Significance

The importance of this brotherhood for the Sikh community lies primarily in the fact that the Khalsa became a political entity as contrasted with the pre-Khalsa panth. This development was a major factor behind the revolt of Banda Singh Bahādur Banda Singh Bahadur (1670-1716), who established for some time a veritable Khalsa rāj (a Khalsa state or rule). Later, the Khalsa emerged as a highly politicized community with a distinct political goal developed since Guru Gobind’s days: The Khalsa will rule (raj karega khalsa).

It must be noted, however, that not all Khalsa Sikhs were Singhs. Even in Guru Gobind’s days baptism of the double-edged sword was voluntary. The Singhs thus baptized came to be known as keshdharis (bearing uncut hair) and the non-Singhs as sahajdharis (slow-adopters, or the easygoing) Khalsa. The latter came to be seen as somewhat inferior to the former and were encouraged to observe the five K’s of the rahit. Eventually, the Khalsa Singhs acquired the distinction of representing Sikh identity.

Further Reading
  • citation-type="booksimple"

    xlink:type="simple">Banerjee, Anil Chandra. The Khalsa Raj. New Delhi: Abhinav, 1985. This work examines the achievements of the Sikhs to the period ending in 1849.
  • citation-type="booksimple"

    xlink:type="simple">Banerjee, Himadri, ed. The Khalsa and the Punjab: Studies in Sikh History to the Nineteenth Century. New Delhi: TulikaBooks, 2002. This edited volume provides up-to-date analyses by distinguished Indian experts.
  • citation-type="booksimple"

    xlink:type="simple">Banerjee, Indubhusan. Evolution of the Khalsa. 2 vols. Calcutta: A. Mukherjee, 1947-1963. A pioneering history by an acknowledged master of Sikh history of Calcutta University.
  • citation-type="booksimple"

    xlink:type="simple">Kapoor, Sukhbir S. The Creation of the Khalsa: The Saint Soldier. New Delhi: Hemkunt Press, 1999. An anthology of specialized articles, mostly by Sikh scholars.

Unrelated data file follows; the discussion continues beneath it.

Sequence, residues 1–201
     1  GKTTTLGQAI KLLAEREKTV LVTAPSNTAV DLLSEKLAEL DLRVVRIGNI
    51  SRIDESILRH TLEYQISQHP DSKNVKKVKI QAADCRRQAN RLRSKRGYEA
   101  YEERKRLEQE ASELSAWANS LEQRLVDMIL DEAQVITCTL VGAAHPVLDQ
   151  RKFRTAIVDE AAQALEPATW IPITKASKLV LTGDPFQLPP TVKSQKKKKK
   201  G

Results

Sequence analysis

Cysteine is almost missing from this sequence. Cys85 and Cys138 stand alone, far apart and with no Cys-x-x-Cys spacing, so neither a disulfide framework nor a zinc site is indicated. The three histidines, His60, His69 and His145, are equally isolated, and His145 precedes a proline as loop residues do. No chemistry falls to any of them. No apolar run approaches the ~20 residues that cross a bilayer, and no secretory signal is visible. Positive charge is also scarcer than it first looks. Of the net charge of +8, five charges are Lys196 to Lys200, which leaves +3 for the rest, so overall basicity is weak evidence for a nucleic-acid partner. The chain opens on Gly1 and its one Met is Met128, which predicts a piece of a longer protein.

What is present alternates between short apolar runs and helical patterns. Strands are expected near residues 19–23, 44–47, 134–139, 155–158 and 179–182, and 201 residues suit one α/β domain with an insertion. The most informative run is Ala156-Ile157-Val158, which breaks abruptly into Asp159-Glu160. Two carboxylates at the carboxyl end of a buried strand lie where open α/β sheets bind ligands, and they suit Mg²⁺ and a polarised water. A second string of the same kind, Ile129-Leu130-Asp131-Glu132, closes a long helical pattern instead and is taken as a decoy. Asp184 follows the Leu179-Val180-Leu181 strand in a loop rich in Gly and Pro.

• citation-type="booksimple"

    xlink:type="simple">Kohli, Surindar S. The Life and Ideas of Guru Gobind Singh, Based on Original Sources. New Delhi: Munshiram Manoharlal, 1986. Contains an important excerpt from the English translation of Guru Gobind’s autobiography, Bachittar Natak (wondrous drama).
  • citation-type="booksimple"

    xlink:type="simple">Loehlin, Clinton E. The Granth of Guru Gobind Singh and the Khalsa Brotherhood. Lucknow, India: Lucknow Publishing House, 1971. A succinct analytical survey.
  • citation-type="booksimple"

    xlink:type="simple">McLeod, Hew. Exploring Sikhism: Aspects of Sikh Identity, Culture, and Thought. New York: Oxford University Press, 2000. A solid general survey useful for students as well as general readers.
  • citation-type="booksimple"

    xlink:type="simple">McLeod, Hew. Sikhism. New York: Penguin, 1997. Explores how Sikhism emerged from the Hindu background of the times and examines the splitting off of a number of separate sects.
  • citation-type="booksimple"

    xlink:type="simple">McLeod, Hew. Sikhs of the Khalsa: A History of the Khalsa Rahit. New York: Oxford University Press, 2003. A magisterial analysis of the Khalsa and their rahit.